How Stories Shape Our Reality: The Case of Trumpism and Alternative Narratives

Social Science | Literature

Course Description

Why do stories have such a powerful influence over people? Can they really change our beliefs, attitudes, and how we behave? Can they even transform the world in profound ways? Are we “the story species” (Joseph Gold), homo narrans (Walter Fisher), homo fictus (E. M. Forster)?

Are we hard-wired to respond to stories more than non-fiction? According to Yuval Noah Harari, “humans think in stories rather than in facts, numbers, and equations.”  

In this course we will explore these issues in relation to attempting to understand better how the narratives we believe can shape the way we see the world. Can the sway that Donald Trump has in the United States, and his support by the Republican Party, be explained in terms of story-telling? Do new stories need to be told to counter the possible threat to the future of democracy that his beliefs and actions represent? How can satire and alternative stories provide effective counterweights to dangerous narratives? What might be the content of some of these narratives? Can they inspire Americans to create a more just and harmonious society that might overcome the deep divisions that now exist in their country? Jonathan Gottschall’s The Storytelling Animal, selections from Joseph Gold’s The Story Species: Our Life-Literature Connection and George Orwell’s 1984, various writings of Charles Eisenstein, and the movie Don’t Look Up will be tentative core texts for the course.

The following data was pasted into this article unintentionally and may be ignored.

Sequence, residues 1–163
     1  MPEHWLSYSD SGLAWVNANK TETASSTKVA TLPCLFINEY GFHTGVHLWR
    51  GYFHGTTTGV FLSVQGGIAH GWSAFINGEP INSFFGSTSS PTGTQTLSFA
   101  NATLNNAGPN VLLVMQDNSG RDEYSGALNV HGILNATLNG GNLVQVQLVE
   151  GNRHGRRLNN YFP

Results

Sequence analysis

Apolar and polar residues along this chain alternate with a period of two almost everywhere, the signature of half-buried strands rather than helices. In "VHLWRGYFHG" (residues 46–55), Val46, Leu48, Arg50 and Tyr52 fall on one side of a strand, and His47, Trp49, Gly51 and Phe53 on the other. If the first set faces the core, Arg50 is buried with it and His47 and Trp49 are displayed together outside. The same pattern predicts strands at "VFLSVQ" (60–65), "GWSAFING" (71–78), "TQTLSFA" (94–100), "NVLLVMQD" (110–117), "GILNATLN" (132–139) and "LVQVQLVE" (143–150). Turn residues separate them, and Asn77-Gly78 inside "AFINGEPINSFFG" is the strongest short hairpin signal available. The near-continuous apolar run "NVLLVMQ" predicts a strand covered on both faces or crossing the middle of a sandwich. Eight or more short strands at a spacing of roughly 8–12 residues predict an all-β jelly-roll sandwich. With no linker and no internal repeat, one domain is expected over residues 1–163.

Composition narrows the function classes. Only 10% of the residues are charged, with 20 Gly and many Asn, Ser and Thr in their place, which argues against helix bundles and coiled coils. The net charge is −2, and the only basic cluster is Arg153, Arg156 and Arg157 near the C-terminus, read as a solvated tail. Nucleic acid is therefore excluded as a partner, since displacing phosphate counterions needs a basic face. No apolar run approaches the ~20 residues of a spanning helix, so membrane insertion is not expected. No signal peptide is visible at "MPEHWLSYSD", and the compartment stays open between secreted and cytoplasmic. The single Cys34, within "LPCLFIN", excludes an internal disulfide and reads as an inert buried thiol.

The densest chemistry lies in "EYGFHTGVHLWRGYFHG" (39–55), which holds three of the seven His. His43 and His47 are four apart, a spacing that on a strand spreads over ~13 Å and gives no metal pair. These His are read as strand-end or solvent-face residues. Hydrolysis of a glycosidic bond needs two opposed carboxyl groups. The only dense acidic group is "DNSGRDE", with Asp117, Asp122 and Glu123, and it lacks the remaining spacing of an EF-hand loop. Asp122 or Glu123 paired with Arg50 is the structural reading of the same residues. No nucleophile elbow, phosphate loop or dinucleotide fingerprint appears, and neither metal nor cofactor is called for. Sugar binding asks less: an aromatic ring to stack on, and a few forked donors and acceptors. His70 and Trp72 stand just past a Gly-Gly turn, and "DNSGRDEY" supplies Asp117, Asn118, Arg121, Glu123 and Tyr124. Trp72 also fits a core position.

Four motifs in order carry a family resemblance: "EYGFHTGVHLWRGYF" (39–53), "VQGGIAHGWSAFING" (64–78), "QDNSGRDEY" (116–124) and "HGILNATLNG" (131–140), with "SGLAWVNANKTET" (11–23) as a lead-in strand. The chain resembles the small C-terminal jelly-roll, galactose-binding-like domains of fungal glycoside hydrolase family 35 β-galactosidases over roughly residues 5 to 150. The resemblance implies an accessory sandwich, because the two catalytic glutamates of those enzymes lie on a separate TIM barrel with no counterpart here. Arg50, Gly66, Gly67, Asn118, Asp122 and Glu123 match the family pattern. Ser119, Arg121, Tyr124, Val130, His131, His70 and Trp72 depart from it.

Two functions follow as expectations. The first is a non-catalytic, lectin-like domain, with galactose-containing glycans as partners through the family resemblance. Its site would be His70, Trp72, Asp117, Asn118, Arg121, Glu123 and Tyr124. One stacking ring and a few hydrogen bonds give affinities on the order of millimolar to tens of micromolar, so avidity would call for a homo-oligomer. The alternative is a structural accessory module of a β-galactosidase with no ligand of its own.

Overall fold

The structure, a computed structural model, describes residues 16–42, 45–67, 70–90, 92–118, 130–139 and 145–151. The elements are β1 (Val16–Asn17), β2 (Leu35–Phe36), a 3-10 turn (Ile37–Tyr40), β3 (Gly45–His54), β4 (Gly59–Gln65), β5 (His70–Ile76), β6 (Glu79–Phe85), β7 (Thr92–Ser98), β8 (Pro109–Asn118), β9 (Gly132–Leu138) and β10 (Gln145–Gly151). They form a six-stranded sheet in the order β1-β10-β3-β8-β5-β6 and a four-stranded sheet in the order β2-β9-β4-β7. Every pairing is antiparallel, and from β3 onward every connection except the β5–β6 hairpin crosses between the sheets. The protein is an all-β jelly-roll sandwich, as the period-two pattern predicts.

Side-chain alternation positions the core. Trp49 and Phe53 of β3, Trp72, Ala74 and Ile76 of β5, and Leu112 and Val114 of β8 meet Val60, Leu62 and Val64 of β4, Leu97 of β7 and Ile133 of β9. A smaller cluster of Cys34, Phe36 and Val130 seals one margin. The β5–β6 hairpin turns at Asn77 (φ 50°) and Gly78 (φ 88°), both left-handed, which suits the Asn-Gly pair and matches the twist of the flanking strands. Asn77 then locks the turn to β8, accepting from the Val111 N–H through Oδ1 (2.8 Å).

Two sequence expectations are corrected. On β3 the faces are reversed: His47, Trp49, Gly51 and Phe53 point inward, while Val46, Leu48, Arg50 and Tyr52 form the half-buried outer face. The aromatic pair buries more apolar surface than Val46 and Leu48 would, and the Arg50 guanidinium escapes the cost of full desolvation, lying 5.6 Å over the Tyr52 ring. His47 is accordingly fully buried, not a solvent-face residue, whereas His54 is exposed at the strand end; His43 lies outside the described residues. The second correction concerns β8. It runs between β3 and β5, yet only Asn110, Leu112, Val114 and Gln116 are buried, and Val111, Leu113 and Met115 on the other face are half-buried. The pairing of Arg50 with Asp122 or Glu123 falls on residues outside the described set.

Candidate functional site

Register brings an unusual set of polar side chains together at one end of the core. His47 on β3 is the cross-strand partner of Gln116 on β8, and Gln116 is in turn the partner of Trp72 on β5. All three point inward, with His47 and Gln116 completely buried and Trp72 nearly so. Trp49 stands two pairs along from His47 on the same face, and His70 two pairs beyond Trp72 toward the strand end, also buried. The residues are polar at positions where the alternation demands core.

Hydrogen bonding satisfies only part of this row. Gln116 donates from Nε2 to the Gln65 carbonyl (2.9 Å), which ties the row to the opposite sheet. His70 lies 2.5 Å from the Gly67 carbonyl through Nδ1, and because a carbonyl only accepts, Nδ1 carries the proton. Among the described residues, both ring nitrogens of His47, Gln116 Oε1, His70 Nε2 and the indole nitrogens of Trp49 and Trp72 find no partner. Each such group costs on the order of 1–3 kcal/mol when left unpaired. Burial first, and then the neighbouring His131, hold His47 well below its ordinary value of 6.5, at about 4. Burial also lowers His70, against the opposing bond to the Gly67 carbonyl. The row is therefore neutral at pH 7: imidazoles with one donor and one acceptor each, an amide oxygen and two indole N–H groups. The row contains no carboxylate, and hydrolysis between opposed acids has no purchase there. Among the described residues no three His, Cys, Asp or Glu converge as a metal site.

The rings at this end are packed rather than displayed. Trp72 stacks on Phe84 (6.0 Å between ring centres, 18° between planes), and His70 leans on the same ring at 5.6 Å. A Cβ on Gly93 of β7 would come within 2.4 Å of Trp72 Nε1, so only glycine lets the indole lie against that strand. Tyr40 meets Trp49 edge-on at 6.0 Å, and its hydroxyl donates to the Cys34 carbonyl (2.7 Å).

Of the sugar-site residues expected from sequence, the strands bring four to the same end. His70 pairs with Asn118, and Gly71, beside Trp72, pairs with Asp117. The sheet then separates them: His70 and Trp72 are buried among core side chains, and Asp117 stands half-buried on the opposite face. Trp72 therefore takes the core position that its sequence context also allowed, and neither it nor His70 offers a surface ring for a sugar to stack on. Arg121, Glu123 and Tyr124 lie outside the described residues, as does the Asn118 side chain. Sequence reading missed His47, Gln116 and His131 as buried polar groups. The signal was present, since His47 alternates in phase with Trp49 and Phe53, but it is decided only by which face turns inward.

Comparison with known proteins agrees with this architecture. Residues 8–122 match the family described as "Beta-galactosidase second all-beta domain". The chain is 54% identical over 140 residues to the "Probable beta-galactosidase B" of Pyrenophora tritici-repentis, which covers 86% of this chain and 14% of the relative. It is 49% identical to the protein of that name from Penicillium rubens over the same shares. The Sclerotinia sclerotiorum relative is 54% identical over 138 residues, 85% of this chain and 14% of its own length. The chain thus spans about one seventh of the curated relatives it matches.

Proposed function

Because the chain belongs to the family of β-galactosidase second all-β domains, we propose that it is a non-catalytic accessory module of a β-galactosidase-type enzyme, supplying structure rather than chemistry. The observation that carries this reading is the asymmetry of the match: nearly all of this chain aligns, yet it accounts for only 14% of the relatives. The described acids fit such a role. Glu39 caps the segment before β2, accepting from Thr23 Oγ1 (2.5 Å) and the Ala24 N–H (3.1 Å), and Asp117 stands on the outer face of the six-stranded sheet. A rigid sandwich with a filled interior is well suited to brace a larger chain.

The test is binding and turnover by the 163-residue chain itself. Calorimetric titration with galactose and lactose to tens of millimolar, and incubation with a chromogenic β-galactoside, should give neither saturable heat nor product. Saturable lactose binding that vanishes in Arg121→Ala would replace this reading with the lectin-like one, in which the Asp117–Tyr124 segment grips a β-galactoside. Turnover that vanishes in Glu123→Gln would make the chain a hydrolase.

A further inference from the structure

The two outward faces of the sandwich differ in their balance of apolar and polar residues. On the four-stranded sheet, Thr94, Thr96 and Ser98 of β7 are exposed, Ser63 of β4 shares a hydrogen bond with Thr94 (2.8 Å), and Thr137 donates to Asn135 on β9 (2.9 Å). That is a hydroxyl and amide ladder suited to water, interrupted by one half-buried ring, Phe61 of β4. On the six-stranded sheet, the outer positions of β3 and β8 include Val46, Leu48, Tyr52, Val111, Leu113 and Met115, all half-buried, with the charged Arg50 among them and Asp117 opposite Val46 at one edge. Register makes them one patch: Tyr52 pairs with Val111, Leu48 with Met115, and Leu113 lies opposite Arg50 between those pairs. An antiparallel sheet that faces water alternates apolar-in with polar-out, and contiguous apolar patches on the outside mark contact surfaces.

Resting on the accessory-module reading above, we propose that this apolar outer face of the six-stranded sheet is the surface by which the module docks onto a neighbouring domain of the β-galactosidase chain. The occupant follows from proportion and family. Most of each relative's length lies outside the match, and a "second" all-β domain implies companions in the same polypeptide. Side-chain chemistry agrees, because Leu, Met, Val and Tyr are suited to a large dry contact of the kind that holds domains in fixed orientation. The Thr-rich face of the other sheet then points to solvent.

Books to Purchase (will be available at Argo Bookshop during the weeks prior to the course beginning):

    • Confidence Man: The Making of Donald Trump and the Breaking of America, Maggie Haberman 

Please note that this course has a maximum enrollment of 14 students.

NEW PAYMENT POLICY: Participants must pay the course fees in order to be considered registered for the course. 

For fully registered courses, a waiting list will be created. Should vacancies develop, those on the waiting list will be contacted on a first-come, first-served basis.

Please note that we do not allow participants to audit courses for free.

Course Details

Location: Zoom

First Session: Tuesday 17 January 2023

Course Length: 6 weeks, Tuesdays, 6:15 to 8:15 p.m.

Discussion Team: Valerie Broege, Barbara Rolston

Degree Credit: 1.5 credits

Course Fee: 

$120.00 (standard tuition)

$80.00 (promotion for new students)

Administrative Fee:



$145.00 (standard tuition)

$105.00 (promotion for new students)


NEW REFUND POLICY FOR 6-WEEK COURSES: Course fees are refundable in full before the first session. After the first session, a fee of $50 for the withdrawal will be applied. Refunds will not be issued after the second session. Please note that non-attendance does not constitute a withdrawal.

Students pursuing studies for credit are encouraged to consult with their advisers as they register for courses.

Course leaders, and students wishing to use credit vouchers, should call (514) 935-9585 to pay by phone or to schedule an appointment to pay in person.

Fill the following form to register

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